The hockey lockout is over! The hockey lockout is over! Everybody celebrate the return of the firehose of economic benefits that will be restored to arenas the nation over—
The same week it was announced that the National Hockey League had reached a tentative deal that would end the league’s lockout, Nassau Comptroller George Maragos said the county “may be” better off without the NHL this season.
While the difference in loss of revenue is minuscule between having the season and canceling it, Maragos said other events that could be booked at the Coliseum if a full-season lockout were to occur would see a bigger crowd.
“If they do in fact settle, then the loss could be less than $500,000 because we would have the benefit of half of season,” Maragos told Patch Thursday before the lockout was settled. “If they actually cancel the season, we may be a little better off because the Islanders are not a big draw compared to other events.”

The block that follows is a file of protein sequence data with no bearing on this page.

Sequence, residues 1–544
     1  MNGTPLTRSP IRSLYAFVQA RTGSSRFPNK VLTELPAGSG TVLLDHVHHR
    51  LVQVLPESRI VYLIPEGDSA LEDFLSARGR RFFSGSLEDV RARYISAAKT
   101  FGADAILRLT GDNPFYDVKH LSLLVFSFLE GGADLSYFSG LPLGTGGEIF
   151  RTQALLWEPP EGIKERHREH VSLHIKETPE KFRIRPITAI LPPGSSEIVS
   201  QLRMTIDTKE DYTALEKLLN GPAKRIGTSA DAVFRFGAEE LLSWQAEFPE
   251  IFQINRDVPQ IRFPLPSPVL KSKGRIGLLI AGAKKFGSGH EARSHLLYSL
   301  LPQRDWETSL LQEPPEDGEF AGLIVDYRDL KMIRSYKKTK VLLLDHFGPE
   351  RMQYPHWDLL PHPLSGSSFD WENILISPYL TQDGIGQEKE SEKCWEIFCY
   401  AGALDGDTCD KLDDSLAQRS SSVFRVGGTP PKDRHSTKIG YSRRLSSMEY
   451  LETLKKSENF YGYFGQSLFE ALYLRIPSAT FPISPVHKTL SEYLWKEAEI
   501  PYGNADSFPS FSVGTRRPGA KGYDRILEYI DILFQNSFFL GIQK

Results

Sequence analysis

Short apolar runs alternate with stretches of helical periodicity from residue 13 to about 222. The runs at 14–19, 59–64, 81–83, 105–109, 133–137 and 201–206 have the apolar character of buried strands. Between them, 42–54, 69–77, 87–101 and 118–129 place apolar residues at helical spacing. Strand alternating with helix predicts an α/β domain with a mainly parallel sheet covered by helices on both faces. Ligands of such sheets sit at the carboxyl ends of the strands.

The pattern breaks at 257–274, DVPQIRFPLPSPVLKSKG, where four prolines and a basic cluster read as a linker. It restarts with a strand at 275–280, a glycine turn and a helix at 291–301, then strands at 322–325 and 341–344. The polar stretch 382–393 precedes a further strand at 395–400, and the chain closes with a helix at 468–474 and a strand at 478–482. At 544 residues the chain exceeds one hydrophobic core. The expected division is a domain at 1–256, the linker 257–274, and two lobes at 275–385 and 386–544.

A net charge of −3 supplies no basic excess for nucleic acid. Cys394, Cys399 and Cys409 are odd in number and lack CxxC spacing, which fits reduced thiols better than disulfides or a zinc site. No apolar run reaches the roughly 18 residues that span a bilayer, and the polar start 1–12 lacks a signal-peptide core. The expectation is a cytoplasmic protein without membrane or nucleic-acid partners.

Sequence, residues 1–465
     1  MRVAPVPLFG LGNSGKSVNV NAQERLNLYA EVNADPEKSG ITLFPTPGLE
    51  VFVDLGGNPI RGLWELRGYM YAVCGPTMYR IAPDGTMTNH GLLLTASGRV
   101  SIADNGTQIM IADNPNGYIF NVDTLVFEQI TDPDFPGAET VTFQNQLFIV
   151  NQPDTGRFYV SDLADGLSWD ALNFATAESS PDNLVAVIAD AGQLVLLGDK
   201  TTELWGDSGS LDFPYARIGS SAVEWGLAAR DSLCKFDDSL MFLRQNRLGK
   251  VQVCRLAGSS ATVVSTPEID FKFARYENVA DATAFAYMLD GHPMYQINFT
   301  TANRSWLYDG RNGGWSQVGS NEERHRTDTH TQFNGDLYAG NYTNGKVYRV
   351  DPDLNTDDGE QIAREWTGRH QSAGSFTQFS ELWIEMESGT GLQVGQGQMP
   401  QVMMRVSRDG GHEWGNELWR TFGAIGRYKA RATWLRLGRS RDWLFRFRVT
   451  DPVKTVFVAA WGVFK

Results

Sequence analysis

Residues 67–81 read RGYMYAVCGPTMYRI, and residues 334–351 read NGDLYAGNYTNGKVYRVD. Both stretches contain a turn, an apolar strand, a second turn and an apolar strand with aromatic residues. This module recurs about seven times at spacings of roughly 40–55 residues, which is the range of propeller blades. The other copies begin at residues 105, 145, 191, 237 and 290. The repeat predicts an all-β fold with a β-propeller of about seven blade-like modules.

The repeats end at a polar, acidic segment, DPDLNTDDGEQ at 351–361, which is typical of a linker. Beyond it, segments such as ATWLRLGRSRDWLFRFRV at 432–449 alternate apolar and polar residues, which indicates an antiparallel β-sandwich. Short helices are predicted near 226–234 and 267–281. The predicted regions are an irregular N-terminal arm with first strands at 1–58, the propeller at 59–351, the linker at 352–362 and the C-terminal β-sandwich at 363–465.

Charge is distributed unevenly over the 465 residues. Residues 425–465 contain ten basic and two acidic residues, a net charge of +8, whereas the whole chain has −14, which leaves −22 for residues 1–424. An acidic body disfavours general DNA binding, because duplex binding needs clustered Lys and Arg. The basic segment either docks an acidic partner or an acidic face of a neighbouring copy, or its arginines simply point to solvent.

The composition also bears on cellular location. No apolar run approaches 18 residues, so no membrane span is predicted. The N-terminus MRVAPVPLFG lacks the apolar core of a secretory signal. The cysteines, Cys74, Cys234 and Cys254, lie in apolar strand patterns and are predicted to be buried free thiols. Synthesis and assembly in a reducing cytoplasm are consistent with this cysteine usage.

To be clear, what Maragos seems to have been saying was that if the NHL season had finally been cancelled, the Coliseum would have freed up the remaining hockey dates to re-sell for concerts, which some people might have actually wanted to see, unlike the Islanders. Cancelling two weeks of games at a time, as the NHL had been doing so far, didn’t leave much time to find acts to fill in the available dates.
Anyway, if the Coliseum is really better off without hockey, you have to wonder whether it wouldn’t make sense to let the Islanders buy their way out of their remaining lease and relocate to Brooklyn before 2015 — the Islanders would get a head start on their new life, and the Coliseum would get to book more, um, monster truck rallies? I’m somewhat skeptical — with the New York City arena now boasting five major arenas (MSG, Barclays, Nassau, Prudential, Izod), I can’t imagine there are that many extra concerts to go around — but if the Islanders are really only paying $500,000 a year to play in Nassau, as Maragos indicated, that’s a pretty small nut to replace. Islanders owner Charles Wang has previously said he doesn’t plan to buy out the last two years of the lease, but you have to wonder if an amicable divorce might not be the best thing for all concerned at this point.